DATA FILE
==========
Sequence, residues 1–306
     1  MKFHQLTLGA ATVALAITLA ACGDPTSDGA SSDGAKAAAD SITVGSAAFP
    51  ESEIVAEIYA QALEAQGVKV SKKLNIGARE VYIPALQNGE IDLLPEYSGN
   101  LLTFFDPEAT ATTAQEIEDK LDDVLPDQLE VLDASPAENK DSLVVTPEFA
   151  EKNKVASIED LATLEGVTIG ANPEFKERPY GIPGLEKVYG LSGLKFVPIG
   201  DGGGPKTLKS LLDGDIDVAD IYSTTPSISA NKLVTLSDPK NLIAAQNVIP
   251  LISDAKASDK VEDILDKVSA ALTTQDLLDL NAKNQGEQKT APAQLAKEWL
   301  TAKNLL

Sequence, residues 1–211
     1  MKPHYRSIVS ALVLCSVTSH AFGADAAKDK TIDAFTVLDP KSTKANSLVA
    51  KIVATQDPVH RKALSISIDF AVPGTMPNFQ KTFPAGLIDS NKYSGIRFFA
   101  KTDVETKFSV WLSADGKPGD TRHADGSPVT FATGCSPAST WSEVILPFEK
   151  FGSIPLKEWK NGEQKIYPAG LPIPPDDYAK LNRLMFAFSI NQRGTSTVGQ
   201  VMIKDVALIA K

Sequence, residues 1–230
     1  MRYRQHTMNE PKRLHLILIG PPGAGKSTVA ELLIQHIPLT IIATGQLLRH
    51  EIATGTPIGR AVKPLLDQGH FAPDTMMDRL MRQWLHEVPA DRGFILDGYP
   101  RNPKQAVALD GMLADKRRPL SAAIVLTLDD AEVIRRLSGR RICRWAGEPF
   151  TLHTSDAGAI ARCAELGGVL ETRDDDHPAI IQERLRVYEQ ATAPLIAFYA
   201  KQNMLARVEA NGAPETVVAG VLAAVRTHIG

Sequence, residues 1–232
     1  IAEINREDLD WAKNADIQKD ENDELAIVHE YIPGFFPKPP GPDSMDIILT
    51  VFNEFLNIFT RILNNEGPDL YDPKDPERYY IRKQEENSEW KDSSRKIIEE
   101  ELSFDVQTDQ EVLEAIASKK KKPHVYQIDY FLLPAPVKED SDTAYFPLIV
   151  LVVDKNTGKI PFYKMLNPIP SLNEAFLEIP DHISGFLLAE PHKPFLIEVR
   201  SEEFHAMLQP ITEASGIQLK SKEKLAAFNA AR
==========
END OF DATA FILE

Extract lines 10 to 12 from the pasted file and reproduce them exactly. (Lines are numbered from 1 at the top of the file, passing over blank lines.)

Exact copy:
     1  MKPHYRSIVS ALVLCSVTSH AFGADAAKDK TIDAFTVLDP KSTKANSLVA
    51  KIVATQDPVH RKALSISIDF AVPGTMPNFQ KTFPAGLIDS NKYSGIRFFA
   101  KTDVETKFSV WLSADGKPGD TRHADGSPVT FATGCSPAST WSEVILPFEK